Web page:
As important, the three urns were set into the central pedestal when it was poured and also were, after being thoroughly waterproofed on their insides to prevent any damage from materials in the concrete, filled with concrete to within a few inches of the brim – enough to make them extremely heavy as well as completely immobile and capable of impeding the progress of any vehicle that might careen onto the property.

LESSONS IN LESS

Once the urns were installed and the setting completed, my client and I spent some time in an inconspicuous place watching the traffic go by.  We actually saw a number of cars slow down to get a look at the watershape – and it didn’t take much thought to know why.

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Given the slight water flow, the textures of the urns’ surfaces are the key to the distinctiveness of the effect.  In sunlight or in the evening with well-targeted landscape lights, the urns glisten and shimmer with special radiance.

The way the light plays on the subtle water flow and flickers like a field of stars on the textured surface is visually arresting.  And when the breeze comes up – as it often does so near the ocean – the water becomes even more textured and the effect more pronounced.   

The lesson of this “Detail” is that water effects do not need to pour hundreds of gallons over weirs or mountains of stone to be visually compelling.  The key to success in creating these sorts of interesting and beautiful features is an understanding of scale.  As I’ve written many times in these pages, the power of a watershape comes from its ability to complement a setting rather than dominate it.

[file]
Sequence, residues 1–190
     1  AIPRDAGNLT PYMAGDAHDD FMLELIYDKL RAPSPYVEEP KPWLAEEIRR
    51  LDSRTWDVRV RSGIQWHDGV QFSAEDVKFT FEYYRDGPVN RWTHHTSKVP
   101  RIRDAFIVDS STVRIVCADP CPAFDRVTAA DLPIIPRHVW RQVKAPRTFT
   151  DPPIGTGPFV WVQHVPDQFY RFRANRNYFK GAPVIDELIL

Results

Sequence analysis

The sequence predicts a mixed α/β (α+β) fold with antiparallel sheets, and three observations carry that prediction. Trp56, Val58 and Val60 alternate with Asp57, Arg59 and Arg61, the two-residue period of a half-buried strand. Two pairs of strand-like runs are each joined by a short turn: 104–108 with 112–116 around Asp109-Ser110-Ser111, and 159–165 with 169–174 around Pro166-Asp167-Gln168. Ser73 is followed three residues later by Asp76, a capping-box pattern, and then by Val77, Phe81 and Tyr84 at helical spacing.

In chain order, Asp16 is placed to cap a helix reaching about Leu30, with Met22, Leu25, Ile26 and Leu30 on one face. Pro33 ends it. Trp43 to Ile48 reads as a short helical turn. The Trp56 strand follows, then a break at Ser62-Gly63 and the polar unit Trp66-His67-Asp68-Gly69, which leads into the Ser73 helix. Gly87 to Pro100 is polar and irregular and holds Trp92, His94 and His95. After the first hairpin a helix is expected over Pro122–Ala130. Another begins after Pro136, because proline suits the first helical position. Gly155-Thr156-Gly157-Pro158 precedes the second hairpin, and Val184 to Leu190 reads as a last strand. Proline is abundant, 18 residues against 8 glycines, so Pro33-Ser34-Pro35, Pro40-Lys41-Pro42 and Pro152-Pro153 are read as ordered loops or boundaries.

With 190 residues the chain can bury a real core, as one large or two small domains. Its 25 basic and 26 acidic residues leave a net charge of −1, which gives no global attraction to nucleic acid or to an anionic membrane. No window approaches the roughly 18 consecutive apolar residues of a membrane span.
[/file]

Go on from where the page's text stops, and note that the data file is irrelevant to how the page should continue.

3If this feature had been built like others I’ve seen with an aggressive flow erupting out the top of the urns, all of the grace and dignity of this watershape would have been lost.  It would have looked like a common fountain – yet another example of upscale grandiosity – and there would have been little reason to pay much attention to it.  As it is, observers of this watershape really need to pay attention to see the water, and only when that happens are they rewarded by this delightful effect.

Positioned at the entrance to the home, it offers an interesting welcome to visitors.  More significant, perhaps, is the effect it has as one leaves the home – a goodbye spiced by an engaging impression of moving water and the subtle noise of the trickling flow.

Ultimately, we all hope that these urns will never need to stop a car from rolling through my client’s front door and, frankly, I doubt it’ll ever happen.  In this case, however, the homeowner’s caution sparked the need to create a beautiful little work of art that is sure to delight and intrigue those who visit the home – or simply drive on by.

 

David Tisherman is the principal in two design/construction firms: David Tisherman’s Visuals of Manhattan Beach, Calif., and Liquid Design of Cherry Hill, N.J. He can be reached at This email address is being protected from spambots. You need JavaScript enabled to view it.. He is also an instructor for Artistic Resources & Training (ART); for information on ART’s classes, visit www.theartofwater.com.